In studying non-state armed actors, I have been struck by the debate around labeling a group â€œterroristâ€. The term has become so clouded with connotations of fear and evil that we hardly even know what it means anymore. Those falling under this label are doomed to exclusion and elimination, and efforts at understanding who these groups or individuals are becomes almost impossible.
The Maoists in Nepal are one group to have been labeled â€œterroristsâ€. While they have been known to use tactics of terror, there is much more to this group than that one-word label. During the ten-year civil war, the Maoists perpetrated 10% of the human rights abuses, while the Royal Nepalese Army committed about 90%. In this scenario, isnâ€™t calling the Maoists â€œterroristsâ€ a bit simplistic?
I have become especially focused on this issue because, during the war, the US government supported the Royal Nepalese Army and the monarchy. Even when the King seized control of the government in 2005 and Nepalâ€™s other primary sources of aid, India and the UK, suspended their assistance, the US said it would review military assistance on a case-by-case basis, and did not explicitly cut off aid. As we heard in our documentary last week, the US supported the monarchy because they were afraid that if the Maoists won, Nepal would become â€œhospitable to groups like Al-Qaedaâ€ and other â€œterroristsâ€. Rather than giving a legitimate reason for supporting a group with such a poor human rights record as the Royal Nepalese Army, this statement just gives me the impression that the US does not fully understand the Maoists or Al-Qaeda.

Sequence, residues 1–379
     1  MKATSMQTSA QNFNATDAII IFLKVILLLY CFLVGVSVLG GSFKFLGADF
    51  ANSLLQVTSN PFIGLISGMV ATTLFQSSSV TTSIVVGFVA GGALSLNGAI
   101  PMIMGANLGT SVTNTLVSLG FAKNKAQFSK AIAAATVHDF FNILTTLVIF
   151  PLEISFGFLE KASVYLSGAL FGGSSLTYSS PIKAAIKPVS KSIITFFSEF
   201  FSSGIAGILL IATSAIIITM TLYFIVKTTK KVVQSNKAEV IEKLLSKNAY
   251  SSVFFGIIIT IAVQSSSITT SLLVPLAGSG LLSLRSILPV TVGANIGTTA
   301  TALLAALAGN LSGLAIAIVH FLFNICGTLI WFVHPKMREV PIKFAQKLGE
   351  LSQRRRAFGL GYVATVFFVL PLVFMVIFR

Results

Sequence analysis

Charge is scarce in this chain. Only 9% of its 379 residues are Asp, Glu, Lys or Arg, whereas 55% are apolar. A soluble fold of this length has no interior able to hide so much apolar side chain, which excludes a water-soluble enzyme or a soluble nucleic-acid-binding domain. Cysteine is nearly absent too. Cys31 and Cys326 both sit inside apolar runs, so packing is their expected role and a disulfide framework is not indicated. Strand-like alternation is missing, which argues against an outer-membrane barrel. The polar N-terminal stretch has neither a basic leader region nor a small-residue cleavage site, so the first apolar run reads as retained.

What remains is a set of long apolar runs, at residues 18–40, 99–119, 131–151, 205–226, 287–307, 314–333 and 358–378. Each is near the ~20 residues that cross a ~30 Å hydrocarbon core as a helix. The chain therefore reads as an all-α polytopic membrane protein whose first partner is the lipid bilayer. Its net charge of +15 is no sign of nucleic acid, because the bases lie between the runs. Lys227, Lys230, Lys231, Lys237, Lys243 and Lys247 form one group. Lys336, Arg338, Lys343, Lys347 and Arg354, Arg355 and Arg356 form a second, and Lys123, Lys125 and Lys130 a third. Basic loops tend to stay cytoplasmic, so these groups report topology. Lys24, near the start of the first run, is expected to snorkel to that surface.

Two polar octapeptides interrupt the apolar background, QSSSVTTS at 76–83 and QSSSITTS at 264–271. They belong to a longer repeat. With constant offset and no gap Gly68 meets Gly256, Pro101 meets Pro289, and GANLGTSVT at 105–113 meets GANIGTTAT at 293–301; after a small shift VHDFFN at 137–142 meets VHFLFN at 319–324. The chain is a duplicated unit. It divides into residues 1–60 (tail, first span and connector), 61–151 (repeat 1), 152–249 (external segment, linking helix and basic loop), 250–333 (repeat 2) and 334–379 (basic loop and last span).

As an American, I canâ€™t stand the fact that my government has been blinded by labels like this. I canâ€™t help but think of the incredible Jitman Basnet, the human rights lawyer with whom we had the honour of speaking, and think that my government supported his torturers. Today, the US government is the second largest supplier of aid to the Nepal Army, and has proposed conditions for future military assistance, such as measures to protect human rights and address past violations. Would these conditions have an impact? And as the conflict parties move towards integration (especially in the military), will all parties involved be able to move beyond problematic labels like â€œterroristâ€?